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Red Wine Compound Boosts Cardio Health in Diabetics: Study

Red Wine Compound Boosts Cardio Health in Diabetics: Study
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By    |   Thursday, 04 May 2017 04:10 PM

Supplements of the potent antioxidant resveratrol may reduce artery stiffness in people with Type 2 diabetes, according to a new study that may explain how the compound in red wine boosts cardiovascular health.

The research, presented this week at the American Heart Association's 2017 Scientific Sessions in Minneapolis, suggests the compound may help boost the cardiovascular health in diabetics and others.

"This adds to emerging evidence that there may be interventions that may reverse the blood vessel abnormalities that occur with aging and are more pronounced in people with Type 2 diabetes and obesity," said the new study’s senior author, Dr. Naomi M. Hamburg, of the Boston University School of Medicine.

The researchers recruited 57 obese, middle-aged patients with Type 2 diabetes. Nearly two-thirds of the participants were African-American and slightly more than half were women.

The body's largest artery, the aorta, becomes stiffer with age and illness, increasing the risk of heart attacks and strokes. To measure aortic stiffness, the researchers performed a test called the carotid-femoral pulse wave velocity (CFPWV) after patients consumed daily doses of 100 mg/day of resveratrol for two weeks followed by 300 mg/day of resveratrol for two weeks.

They performed the test again after patients underwent comparable placebo dosing for a total of four weeks.

Researchers also assessed the ability of the participants’ blood vessels to relax and expand as needed to accommodate changes in blood flow, an important indicator of healthy blood vessel function.

Overall, the researchers found that resveratrol was associated with a trend toward reduced aortic stiffness.

In a subset of 23 patients with high arterial stiffness at the start of the study, they found that the 300 mg dose of resveratrol reduced aortic stiffness by 9.1 percent and that the 100 mg dose reduced it by 4.8 percent. For those receiving a placebo, aortic stiffness actually increased.

Animal studies have shown that resveratrol activates a gene called SIRT 1 which counters the effects of obesity, delays the development of chronic diseases, and promotes longevity.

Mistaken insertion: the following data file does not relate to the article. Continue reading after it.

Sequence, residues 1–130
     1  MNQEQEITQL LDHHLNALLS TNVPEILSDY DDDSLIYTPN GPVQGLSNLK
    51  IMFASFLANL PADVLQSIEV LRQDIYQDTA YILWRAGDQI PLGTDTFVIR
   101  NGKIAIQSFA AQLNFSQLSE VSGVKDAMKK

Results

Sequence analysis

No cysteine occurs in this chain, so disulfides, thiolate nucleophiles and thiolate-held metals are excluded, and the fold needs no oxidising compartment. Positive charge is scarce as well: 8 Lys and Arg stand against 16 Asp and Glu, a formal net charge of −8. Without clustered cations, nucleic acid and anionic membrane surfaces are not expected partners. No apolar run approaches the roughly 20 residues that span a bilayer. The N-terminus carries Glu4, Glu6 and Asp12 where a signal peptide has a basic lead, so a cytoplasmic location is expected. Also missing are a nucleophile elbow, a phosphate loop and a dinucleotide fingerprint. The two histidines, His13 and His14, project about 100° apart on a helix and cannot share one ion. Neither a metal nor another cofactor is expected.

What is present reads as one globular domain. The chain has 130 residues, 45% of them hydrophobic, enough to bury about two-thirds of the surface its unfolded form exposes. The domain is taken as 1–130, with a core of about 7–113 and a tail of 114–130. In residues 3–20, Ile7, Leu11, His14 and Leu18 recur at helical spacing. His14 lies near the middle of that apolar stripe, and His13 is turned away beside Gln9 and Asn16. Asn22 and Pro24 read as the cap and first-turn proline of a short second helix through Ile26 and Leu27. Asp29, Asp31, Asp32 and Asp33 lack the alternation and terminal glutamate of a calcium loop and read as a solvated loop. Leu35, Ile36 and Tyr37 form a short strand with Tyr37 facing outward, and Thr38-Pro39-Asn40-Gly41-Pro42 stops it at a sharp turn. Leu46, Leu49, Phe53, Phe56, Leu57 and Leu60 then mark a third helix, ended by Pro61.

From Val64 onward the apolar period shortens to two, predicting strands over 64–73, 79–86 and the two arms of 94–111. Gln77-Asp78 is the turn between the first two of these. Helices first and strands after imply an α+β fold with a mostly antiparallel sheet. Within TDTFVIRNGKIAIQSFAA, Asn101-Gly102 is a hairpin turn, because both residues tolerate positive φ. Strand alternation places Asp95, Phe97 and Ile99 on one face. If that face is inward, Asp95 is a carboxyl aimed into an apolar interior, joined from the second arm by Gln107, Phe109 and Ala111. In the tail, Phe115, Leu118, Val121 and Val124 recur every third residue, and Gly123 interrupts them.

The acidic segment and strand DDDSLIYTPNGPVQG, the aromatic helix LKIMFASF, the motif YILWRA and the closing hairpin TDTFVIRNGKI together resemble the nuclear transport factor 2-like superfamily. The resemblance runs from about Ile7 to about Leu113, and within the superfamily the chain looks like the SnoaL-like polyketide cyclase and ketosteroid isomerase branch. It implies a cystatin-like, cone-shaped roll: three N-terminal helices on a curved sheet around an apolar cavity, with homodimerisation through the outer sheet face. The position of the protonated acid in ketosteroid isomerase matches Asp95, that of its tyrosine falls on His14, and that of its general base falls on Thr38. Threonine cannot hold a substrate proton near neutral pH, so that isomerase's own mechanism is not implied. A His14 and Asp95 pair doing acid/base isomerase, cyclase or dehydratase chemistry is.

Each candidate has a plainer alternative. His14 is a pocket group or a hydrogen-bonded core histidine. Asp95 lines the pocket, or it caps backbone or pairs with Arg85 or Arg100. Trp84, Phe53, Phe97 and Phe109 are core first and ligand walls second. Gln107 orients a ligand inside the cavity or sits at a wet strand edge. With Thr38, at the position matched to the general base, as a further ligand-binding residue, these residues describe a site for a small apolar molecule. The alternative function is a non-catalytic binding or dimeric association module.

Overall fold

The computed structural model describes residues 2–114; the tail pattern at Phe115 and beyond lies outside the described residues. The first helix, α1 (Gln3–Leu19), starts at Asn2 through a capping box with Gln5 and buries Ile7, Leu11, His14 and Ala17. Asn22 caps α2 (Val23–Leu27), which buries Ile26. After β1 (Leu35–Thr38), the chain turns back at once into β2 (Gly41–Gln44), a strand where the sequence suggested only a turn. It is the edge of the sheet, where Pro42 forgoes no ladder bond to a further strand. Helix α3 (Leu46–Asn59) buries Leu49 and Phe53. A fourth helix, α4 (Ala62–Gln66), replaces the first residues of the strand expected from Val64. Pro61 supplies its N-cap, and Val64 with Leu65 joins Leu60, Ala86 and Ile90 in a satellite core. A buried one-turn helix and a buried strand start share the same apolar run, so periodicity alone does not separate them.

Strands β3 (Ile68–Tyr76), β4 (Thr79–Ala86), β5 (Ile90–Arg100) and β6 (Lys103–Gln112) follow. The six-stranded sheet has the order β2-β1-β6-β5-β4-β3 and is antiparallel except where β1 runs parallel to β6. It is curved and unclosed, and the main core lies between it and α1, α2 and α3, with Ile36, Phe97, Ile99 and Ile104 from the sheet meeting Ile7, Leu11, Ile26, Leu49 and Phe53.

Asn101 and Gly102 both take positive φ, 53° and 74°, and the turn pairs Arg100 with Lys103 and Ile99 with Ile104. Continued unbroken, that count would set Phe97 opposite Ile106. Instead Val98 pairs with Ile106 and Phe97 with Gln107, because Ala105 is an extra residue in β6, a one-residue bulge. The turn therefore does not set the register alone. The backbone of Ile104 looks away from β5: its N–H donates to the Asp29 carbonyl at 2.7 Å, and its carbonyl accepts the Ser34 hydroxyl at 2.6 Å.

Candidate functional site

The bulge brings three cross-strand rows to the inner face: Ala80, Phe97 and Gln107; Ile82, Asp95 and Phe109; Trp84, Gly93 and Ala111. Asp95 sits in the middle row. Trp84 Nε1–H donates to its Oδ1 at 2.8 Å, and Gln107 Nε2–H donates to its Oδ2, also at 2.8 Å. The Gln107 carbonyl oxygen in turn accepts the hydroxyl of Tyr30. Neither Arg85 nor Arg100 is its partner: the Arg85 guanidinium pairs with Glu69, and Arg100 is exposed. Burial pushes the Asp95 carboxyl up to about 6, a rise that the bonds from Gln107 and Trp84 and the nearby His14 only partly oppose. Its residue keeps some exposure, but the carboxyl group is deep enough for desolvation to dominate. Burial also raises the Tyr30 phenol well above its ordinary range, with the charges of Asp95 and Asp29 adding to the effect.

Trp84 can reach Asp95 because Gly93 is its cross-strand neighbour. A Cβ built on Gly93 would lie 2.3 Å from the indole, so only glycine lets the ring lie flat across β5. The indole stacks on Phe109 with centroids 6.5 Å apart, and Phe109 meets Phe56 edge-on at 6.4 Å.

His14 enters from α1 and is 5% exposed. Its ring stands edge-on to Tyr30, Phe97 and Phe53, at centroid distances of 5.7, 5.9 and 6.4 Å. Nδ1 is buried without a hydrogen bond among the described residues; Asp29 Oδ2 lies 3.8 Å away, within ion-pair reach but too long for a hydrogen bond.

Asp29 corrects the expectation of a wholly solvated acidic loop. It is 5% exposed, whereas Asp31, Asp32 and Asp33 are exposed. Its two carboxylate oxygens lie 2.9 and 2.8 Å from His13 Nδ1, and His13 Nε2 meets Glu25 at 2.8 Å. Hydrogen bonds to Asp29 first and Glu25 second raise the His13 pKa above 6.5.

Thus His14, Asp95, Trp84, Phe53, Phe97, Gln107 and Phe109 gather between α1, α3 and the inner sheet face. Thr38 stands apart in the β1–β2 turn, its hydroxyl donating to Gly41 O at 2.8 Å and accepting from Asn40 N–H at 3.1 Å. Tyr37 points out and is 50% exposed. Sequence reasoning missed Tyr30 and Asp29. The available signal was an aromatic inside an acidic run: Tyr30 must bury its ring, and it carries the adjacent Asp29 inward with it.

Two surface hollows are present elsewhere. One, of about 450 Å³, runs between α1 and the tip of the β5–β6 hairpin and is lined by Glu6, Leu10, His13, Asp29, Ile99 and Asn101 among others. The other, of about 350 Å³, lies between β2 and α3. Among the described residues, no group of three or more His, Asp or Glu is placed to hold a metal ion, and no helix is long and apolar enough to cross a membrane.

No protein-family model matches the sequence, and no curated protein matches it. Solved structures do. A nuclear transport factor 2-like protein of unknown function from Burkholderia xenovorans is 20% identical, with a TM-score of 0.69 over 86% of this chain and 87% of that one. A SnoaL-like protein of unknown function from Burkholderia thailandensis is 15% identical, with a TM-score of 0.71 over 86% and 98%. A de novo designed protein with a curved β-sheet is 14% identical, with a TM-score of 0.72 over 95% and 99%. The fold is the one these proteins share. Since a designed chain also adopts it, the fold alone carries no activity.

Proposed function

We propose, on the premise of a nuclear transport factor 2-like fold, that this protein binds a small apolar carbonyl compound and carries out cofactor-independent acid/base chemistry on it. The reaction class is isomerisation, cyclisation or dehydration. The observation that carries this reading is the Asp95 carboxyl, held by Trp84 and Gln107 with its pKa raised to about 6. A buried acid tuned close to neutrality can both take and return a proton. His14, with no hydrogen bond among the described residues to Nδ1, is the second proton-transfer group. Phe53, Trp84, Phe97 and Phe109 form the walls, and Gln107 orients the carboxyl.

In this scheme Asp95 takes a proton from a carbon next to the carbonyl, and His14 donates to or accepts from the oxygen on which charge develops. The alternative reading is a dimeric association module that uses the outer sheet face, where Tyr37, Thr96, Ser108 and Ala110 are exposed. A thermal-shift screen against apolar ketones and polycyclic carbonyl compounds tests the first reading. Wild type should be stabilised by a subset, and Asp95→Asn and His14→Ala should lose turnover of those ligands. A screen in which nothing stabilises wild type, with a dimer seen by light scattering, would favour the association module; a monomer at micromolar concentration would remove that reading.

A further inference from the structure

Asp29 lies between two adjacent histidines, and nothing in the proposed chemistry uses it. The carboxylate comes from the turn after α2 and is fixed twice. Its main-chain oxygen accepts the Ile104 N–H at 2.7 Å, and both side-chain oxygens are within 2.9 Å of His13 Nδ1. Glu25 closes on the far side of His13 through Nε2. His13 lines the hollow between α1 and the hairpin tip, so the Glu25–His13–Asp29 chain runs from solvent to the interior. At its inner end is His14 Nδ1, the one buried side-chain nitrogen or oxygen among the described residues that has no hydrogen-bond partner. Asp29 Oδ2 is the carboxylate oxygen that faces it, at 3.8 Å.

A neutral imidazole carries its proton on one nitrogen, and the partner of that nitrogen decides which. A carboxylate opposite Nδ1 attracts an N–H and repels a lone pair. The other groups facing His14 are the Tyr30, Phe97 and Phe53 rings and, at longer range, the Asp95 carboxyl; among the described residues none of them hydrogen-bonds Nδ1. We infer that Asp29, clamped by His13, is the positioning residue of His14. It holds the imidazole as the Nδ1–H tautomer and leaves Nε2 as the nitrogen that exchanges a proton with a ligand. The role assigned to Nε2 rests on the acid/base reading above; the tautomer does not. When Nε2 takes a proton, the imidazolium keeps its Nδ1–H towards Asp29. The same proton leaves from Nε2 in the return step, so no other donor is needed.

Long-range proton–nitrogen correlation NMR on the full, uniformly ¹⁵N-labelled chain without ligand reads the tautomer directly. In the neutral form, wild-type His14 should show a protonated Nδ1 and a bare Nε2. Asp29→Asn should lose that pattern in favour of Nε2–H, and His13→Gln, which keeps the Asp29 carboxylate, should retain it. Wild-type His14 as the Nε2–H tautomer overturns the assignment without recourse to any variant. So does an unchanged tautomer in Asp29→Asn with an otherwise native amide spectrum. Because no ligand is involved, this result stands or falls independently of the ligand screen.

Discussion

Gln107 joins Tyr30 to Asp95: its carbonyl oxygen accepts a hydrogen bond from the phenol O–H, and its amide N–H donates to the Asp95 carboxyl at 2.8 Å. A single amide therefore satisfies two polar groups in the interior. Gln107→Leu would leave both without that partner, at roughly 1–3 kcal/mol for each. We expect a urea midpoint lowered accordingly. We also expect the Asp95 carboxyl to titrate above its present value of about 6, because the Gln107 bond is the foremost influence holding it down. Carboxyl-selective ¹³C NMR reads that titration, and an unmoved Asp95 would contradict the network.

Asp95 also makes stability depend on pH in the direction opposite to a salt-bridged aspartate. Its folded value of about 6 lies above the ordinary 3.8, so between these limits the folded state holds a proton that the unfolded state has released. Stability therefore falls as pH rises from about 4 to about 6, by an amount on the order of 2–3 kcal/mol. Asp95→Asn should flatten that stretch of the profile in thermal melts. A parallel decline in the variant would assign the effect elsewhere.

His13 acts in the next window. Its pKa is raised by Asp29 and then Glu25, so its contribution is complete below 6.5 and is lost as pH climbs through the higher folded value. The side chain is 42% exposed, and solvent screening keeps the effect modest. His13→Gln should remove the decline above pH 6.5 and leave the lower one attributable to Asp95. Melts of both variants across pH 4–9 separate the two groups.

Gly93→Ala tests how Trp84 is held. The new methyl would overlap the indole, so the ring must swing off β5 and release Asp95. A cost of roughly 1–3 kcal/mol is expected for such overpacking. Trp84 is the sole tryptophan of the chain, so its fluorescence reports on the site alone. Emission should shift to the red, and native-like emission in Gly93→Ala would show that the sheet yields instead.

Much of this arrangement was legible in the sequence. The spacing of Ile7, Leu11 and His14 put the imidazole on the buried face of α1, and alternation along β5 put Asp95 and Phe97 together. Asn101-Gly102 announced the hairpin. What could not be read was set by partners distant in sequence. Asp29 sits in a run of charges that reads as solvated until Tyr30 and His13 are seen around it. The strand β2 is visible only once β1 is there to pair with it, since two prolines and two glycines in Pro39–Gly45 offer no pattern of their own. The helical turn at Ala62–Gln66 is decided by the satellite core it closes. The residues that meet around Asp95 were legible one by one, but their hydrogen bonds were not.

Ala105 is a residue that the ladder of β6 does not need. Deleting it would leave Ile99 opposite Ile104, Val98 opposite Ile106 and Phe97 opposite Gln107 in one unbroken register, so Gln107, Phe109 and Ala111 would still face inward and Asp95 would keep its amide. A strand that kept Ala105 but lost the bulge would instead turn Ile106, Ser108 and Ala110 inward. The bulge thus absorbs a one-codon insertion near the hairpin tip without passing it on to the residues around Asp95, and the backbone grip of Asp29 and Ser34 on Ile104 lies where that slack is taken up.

To see if a similar process occurs in humans, the researchers took a sample of the inner lining of blood vessels from seven participants and examined the tissue for SIRT1 activity. Although they detected increased SIRT1 activity after resveratrol supplementation, the difference was not statistically significant.

"We found that resveratrol also activates the longevity gene SIRT1 in humans, and this may be a potential mechanism for the supplements to reduce aortic stiffness,” said lead study author Dr. Ji-Yao Ella Zhang, Ph.D., also of the Boston University.

“However, the changes in this small and short-term study are not proof. Studies with longer treatment are needed to test the effects of a daily resveratrol supplement on vascular function."

Resveratrol belongs to a group of compounds called polyphenols that help protect the body against damage caused by free radicals.

Small amounts of resveratrol are naturally found in red wine, peanuts, berries, and the skin of red grapes. For example, a glass or red wine may contain 1-2 milligrams. Supplements of resveratrol – including those used in clinical studies – usually contain hundreds of times that amount of resveratrol.

Preliminary research – most of it conducted in animals or cell cultures – suggests that resveratrol may protect against:

Alzheimer’s disease, by protecting nerve cells and preventing the buildup of plaque.

Cancer, by preventing the metastasis (spread) of tumors and promoting the apoptosis (death) of cancer cells.

Diabetes, by reducing the risk of insulin resistance, a condition in which cells fail to respond normally to the hormone insulin, which often leads to elevated blood sugar.

Heart disease, by reducing inflammation, blood levels of LDL “bad” cholesterol, and the “stickiness” of platelets that can clump together and form clots. .

In line with previous research linking resveratrol with anti-aging effects, a recent study of rhesus monkeys shows that that compound can help counteract the adverse effects of high fat and high-sugar diet on muscle cells.

A growing number of human studies also suggests significant health benefits. For example, a recent clinical study of Alzheimer’s disease patients shows that resveratrol restores blood-brain barrier integrity, which helps prevent inflammatory molecules from entering the brain.

Another recent clinical study shows that resveratrol can help correct hormone imbalances in women with polycystic ovary syndrome (PCOS), a leading cause of infertility.

So far, researchers have not linked resveratrol to any serious side effects. But some experts believe that high daily doses (1,000 mg or more) may:

Increase the risk of bleeding, especially when taken in conjunction with blood thinners such as warfarin (Coumadin) and NSAIDs such as aspirin and ibuprofen.

Interfere with the metabolism of some commonly prescribed drugs, including statins for heart disease and benzodiazepines for anxiety.

Experts agree that more research is needed to establish resveratrol’s safety, efficacy, and optimal dosages.

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Diabetes
New research adds to growing evidence that the antioxidant resveratrol, in red wine and other foods, helps boost cardiovascular health in diabetics, and has other benefits.
red, wine, heart, diabetes, resveratrol
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2017-10-04
Thursday, 04 May 2017 04:10 PM
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